Finding sheer comfort in Butter Chicken, Kheema Pav, Rajma Chaval, Pav Bhaji, Chole Bathure, Misal Pav and of course, Pizza, North Indian food is Rohit’s favourite. Sharing his philosophy on food and dinning, Rohit added, “There’s nothing like some hot and flavourful comfort food for the soul! In recent years, there has been major innovation in modern Indian cuisine and molecular gastronomy. As a result, there have been many interesting fusions of Indian food with western cuisines. However, things have gone too far, in my opinion. In many instances, innovation is being done for the sake of innovation. There’s way too much emphasis on the aesthetics and somewhere down the line, the taste is compromised. The theatricality needs to be curbed. We need to let food be the hero by delivering clean flavours on the plate.”

The adventures of food boy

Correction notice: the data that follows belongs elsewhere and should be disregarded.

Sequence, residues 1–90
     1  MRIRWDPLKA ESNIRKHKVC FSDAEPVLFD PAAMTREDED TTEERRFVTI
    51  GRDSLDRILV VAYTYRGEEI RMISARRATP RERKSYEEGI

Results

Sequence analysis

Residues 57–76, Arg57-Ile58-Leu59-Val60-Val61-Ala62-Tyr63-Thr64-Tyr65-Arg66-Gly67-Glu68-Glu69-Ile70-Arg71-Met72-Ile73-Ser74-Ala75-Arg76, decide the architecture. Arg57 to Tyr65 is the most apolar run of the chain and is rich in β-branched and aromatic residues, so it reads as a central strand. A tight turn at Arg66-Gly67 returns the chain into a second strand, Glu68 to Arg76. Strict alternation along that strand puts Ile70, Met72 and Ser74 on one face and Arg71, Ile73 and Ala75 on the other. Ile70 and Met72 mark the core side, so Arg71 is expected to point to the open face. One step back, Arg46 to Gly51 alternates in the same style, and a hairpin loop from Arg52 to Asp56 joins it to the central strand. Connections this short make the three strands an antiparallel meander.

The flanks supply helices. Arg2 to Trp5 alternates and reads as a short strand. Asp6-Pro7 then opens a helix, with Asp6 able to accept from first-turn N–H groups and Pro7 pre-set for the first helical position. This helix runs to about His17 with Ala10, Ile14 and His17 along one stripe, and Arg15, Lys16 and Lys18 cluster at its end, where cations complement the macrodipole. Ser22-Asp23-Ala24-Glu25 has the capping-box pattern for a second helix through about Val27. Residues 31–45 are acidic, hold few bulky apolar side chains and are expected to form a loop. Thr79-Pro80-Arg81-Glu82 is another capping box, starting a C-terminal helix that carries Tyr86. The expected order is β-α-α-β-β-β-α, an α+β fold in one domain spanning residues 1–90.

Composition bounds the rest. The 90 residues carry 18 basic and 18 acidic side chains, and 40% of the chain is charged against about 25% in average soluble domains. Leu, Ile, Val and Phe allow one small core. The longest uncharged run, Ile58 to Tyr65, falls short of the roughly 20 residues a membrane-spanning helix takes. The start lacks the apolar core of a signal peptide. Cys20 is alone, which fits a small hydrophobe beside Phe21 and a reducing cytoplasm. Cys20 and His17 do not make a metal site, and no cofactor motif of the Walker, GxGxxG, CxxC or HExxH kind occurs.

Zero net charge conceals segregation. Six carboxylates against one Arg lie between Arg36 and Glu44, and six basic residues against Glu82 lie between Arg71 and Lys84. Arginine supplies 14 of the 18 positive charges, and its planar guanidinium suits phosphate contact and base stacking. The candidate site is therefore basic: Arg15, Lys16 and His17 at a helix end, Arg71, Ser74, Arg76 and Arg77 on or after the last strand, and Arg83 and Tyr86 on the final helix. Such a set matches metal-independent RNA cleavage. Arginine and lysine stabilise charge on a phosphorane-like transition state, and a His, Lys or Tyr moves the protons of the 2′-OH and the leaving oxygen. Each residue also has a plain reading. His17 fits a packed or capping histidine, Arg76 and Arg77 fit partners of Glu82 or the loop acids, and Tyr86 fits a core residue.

Though there are quite a few awards held to recognize the best travel, lifestyle and fashion bloggers, there are limited awards for food bloggers. Rohit was told that 2016 was the first edition of the Cosmopolitan India Blogger Awards where food bloggers were recognized. Without second thoughts, he submitted his blog details on the website. After a few rounds for short listing the nominees, The Hungry Mumbaikar won the Best Food Blog at Cosmopolitan India Blogger Awards 2016. Also, he was a runner up for the Best Micro Food Blog – Facebook at the Indian Food Blogger Awards 2016. Reminiscing that moment, an elated Rohit said, “Winning this award was a huge achievement and perhaps one of my proudest moments as The Hungry Mumbaikar! I was very happy that all the hard work and effort had paid off. While I was happy, I didn’t become a blogger for the awards or fame, it is simple message of appreciation which I get from my followers.”